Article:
Thinking back to the first time my son really accepted that no means no. It was early in his life, perhaps when he was 3 or 4 years old.  I’m pretty consistent. But, there was a singular moment when it made absolute sense to him.  I think it was french fries. (We still called them chips back then.) We were driving home from somewhere. It was close to lunch. 

It went something like this.

The Win: Can we stop at the chip shop? 
Me: Hmmm. Let me think.
(a full block rolls by.)
The Win: Mama? Can we stop at the chip shop?
Me: I’m thinking about it.
(another block rolls by.)
The Win: We’re almost at the chip shop.
(I pull over the car.)
Me: You don’t need to remind me. I said I was thinking about it.
The Win: Oh. You didn’t answer.
Me: Because I was thinking about it.
The Win: What are you thinking?
Me: Well, sweetheart, that’s a good question. You know, every fiber of my being wants you to be happy. So, I always want to say yes to you. But, always saying yes to you only makes you happy right now. It might not make you happy in the future. Sometimes, making you happy right now, will make you really unhappy in the future. Like if I let you eat candy ever day for every meal. What would happen.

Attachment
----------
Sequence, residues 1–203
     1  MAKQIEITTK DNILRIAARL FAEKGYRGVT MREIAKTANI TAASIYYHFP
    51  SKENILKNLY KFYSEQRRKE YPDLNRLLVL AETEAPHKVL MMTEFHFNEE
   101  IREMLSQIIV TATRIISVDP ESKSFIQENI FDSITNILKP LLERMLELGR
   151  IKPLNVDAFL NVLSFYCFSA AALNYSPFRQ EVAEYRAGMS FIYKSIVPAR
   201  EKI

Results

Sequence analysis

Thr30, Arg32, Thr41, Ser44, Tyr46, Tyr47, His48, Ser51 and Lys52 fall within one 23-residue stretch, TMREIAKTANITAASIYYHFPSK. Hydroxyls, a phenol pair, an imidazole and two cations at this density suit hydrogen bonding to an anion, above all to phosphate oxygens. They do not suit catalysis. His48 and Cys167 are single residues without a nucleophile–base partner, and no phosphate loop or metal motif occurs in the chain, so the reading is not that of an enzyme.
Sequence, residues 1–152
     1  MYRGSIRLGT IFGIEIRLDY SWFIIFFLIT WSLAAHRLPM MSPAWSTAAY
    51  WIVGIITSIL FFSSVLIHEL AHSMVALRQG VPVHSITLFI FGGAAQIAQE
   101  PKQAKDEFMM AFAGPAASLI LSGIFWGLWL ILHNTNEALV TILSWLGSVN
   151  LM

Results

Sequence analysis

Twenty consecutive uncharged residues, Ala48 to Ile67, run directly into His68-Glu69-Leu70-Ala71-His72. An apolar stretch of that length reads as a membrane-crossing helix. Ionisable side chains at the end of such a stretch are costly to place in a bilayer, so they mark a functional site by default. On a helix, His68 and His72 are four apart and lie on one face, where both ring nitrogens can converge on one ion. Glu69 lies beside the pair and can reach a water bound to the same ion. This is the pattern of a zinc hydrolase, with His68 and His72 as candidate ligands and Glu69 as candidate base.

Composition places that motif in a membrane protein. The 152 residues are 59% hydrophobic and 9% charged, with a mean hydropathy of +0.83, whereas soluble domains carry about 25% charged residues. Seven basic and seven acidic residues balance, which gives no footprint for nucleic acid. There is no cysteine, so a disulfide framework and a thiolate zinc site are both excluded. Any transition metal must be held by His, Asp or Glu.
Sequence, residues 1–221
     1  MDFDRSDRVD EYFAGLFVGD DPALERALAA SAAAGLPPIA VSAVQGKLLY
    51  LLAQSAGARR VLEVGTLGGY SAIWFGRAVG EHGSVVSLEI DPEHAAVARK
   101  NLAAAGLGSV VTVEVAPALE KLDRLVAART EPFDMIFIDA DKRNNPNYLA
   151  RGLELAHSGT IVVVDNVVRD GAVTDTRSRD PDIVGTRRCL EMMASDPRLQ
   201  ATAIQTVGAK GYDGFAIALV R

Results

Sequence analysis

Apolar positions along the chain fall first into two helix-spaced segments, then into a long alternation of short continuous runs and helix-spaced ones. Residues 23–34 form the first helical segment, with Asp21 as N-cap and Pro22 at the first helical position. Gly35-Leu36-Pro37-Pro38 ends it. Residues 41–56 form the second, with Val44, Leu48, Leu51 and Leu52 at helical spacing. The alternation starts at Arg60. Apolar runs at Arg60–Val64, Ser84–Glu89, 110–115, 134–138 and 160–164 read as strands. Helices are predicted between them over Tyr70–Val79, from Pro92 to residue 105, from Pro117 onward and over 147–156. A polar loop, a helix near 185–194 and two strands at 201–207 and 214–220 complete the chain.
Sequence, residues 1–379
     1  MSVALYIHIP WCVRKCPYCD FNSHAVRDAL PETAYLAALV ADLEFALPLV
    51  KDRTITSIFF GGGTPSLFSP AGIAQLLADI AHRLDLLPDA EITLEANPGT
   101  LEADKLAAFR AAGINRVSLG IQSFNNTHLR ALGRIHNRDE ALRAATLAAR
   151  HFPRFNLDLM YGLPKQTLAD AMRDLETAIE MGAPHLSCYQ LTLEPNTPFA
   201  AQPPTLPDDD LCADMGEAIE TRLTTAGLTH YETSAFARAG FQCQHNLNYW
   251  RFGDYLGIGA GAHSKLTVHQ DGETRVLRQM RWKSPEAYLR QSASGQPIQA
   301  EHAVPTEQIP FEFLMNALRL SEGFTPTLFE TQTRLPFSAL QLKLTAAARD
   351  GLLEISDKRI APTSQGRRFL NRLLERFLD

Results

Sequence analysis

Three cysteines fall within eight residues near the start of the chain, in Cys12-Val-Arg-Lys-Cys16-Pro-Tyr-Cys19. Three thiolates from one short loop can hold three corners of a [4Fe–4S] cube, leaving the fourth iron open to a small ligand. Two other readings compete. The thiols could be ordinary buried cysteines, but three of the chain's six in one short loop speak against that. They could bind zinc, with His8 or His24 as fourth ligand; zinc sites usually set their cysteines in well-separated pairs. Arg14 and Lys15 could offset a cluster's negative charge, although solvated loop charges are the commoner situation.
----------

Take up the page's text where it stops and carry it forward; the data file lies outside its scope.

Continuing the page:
The Win: I would get very sick.
Me: Right. So, you’d be happy. But then you would be unhappy for a really long time because I let you be happy for a really short time. So, what do I have to do?
The Win: You have to say no to candy all the time.
Me: Right. But I don’t want to say no. Because I want to say yes and make you happy.
The Win: Oh. (thinking)
Me: (thinking)
The Win: That’s really hard.
Me: It is the very hardest part of being a good Mama. I don’t like saying no. It is not fun. Not at all. But, it’s my job. Sometimes, I have to let you feel disappointed or unhappy so that you can be healthy and happy. 
The Win: So what are you thinking?
Me: I’m thinking that you’ve been eating a lot of vegetables. I’m thinking that you did a lot of exercise. I’m thinking that we haven’t gone to the chip shop in awhile. It’s been kind of a long time since we’ve been to the chip shop. 
The Win: So, we can go to the chip shop?
Me: Your Granddad always says, “Everything in moderation.” You know, a little bit here and there is okay. As long as you don’t do it all the time. So, I don’t see why not.
The Win: I love you Mama.
Me: I love you.
The Win: I know.
 A few weeks later, he asked again to go to The Chip Shop. The conversation went like this:

Me: Hmmm. I not thinking it the best idea today. What do you think?
The Win:  I am not eating very many vegetables.
Me: Yeah. A good diet is important to your health. So is exercise.
The Win: Oh. I watched a lot of tv this week.
Me: (sigh) Yeah.
The Win: No. Not today. Today is not a good day to go to the chip shop.
Me: I think you made a great decision.